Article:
ADA, Mich. — CUSO Development Company LLC, a national CUSO holding company formed by Tom Davis and Cory Mackwood based here has been building momentum quietly and now has roared into business by signing four Class A credit union investors. Focused on fulfilling the advantage of collaborative benefits in delivering real estate, mortgage and insurance products CDC’s vision is to create economies of scale for credit unions of all sizes, but especially seeks CUs from $250 million-in-assets to $2 billion.
The initial investors are Workers Credit Union, Fitchburg, Mass., ($567 million-in-assets), 1st Advantage Credit Union, Newport News, Va., ($489 million), Sun East Federal Credit Union, Aston, Pa., ($323 million) and CommonWealth One Federal Credit Union of Alexandria, Va., ($236 million).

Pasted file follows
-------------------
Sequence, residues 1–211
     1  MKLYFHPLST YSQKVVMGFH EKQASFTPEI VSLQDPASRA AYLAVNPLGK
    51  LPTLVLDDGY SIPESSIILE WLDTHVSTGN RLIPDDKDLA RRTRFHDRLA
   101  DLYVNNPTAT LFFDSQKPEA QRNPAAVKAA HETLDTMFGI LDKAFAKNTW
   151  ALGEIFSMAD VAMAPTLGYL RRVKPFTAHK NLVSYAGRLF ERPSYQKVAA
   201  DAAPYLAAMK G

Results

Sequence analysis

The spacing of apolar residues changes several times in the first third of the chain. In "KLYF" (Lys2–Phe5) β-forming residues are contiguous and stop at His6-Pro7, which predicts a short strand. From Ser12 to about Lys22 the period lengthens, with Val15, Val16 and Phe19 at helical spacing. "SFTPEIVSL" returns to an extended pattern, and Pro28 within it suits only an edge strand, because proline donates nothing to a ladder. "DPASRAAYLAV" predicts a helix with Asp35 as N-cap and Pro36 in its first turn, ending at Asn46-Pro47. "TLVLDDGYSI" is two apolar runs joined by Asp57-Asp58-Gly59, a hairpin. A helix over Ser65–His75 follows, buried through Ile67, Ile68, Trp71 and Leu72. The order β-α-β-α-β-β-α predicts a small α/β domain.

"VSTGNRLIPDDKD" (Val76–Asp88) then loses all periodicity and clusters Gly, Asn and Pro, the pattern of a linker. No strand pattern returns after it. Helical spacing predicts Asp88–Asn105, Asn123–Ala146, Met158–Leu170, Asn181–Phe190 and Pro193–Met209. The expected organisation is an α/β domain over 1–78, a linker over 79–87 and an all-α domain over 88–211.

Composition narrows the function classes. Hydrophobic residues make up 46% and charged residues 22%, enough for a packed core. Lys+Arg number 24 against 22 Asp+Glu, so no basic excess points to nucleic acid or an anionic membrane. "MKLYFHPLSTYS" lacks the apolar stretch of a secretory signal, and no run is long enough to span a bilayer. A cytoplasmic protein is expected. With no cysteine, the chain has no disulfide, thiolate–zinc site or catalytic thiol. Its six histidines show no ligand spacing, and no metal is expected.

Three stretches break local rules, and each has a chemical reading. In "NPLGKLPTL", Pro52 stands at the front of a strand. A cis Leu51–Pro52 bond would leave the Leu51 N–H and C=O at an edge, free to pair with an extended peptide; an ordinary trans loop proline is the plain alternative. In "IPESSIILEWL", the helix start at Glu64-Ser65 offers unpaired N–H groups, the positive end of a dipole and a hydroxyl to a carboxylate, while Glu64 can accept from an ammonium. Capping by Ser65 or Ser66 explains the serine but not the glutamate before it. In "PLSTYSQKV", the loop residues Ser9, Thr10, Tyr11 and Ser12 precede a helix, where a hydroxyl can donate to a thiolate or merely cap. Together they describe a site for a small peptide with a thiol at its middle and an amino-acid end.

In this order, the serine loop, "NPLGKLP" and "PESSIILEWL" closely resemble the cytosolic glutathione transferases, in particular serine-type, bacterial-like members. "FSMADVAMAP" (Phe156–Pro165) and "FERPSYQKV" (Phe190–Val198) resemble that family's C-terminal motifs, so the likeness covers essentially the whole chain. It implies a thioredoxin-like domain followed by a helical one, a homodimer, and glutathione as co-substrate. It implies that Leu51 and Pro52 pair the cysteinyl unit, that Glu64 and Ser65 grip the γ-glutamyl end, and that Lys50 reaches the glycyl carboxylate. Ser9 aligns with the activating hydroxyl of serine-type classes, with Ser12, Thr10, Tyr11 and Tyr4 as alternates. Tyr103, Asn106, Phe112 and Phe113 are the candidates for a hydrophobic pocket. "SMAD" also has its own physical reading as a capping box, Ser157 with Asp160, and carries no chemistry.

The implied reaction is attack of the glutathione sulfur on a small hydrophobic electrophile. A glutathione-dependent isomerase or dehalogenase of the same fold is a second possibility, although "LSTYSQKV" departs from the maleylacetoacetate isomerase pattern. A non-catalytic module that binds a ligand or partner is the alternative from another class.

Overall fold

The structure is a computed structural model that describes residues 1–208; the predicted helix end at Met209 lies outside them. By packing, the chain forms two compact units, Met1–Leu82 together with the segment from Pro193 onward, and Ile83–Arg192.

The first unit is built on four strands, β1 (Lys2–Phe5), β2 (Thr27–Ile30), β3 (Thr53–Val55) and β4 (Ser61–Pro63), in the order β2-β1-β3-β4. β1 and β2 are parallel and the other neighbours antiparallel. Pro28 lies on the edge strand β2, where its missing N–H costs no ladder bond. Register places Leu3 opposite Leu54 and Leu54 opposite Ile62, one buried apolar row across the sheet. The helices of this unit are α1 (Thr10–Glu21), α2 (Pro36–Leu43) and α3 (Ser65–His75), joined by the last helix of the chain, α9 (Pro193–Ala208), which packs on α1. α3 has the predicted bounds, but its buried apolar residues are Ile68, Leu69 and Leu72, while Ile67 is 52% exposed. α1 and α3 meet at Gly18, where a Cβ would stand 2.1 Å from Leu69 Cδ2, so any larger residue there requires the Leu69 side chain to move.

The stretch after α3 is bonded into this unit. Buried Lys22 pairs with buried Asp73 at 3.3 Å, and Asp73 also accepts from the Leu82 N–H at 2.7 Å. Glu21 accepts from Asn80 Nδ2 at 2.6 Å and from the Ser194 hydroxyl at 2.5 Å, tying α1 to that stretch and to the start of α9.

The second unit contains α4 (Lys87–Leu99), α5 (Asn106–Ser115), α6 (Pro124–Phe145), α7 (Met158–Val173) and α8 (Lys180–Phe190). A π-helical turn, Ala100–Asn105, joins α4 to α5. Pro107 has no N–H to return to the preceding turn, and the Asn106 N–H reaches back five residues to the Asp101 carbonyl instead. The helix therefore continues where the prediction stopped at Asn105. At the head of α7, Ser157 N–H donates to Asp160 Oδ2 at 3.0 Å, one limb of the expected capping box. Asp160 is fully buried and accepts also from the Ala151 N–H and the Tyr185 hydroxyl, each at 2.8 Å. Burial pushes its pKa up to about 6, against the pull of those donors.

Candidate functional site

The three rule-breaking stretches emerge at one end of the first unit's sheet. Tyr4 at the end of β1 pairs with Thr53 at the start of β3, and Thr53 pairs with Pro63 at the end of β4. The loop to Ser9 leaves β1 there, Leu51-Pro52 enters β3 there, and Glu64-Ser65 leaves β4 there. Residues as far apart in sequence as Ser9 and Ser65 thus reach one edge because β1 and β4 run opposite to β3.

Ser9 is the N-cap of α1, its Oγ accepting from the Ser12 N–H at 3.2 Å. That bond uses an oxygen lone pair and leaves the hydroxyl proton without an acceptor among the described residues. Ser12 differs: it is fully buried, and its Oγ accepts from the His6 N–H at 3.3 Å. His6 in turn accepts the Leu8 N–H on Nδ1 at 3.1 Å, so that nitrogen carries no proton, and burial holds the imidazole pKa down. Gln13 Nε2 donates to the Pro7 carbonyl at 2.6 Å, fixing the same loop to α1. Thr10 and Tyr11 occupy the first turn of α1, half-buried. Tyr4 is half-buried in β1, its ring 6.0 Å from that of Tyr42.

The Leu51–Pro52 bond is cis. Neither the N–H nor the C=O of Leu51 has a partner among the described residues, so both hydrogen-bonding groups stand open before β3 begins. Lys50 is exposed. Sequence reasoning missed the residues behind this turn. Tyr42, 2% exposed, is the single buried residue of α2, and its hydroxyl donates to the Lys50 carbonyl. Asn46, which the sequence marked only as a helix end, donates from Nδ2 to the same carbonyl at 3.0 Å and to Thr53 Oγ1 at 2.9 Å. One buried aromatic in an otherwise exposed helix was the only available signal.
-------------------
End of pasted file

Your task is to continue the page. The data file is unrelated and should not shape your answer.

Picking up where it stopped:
CDC will build several subsidiary credit union-owned companies to provide core products and services to credit union members and the general public, said Mackwood. CDC will open its first two subsidiaries, Member Advantage Mortgage and Member Advantage Title in the fall of 2007. “We are negotiating with other leading credit unions in several regions of the country,” he said.
Acknowledging that the mortgage business is tight right now, Mackwood averred, “It’s all the more important now to marshal cooperation among credit unions. In order to survive and succeed over the next 18-20 months those that do will survive while others will not.” He agrees firmly in co-founder and CDC Executive Vice President of Strategy Tom Davis’ assertion that, “The traditional credit union financial business model may not be sustainable over the long-term. Credit unions must rely on more and better sources of non-interest income including those associated with mortgage lending and real estate services.”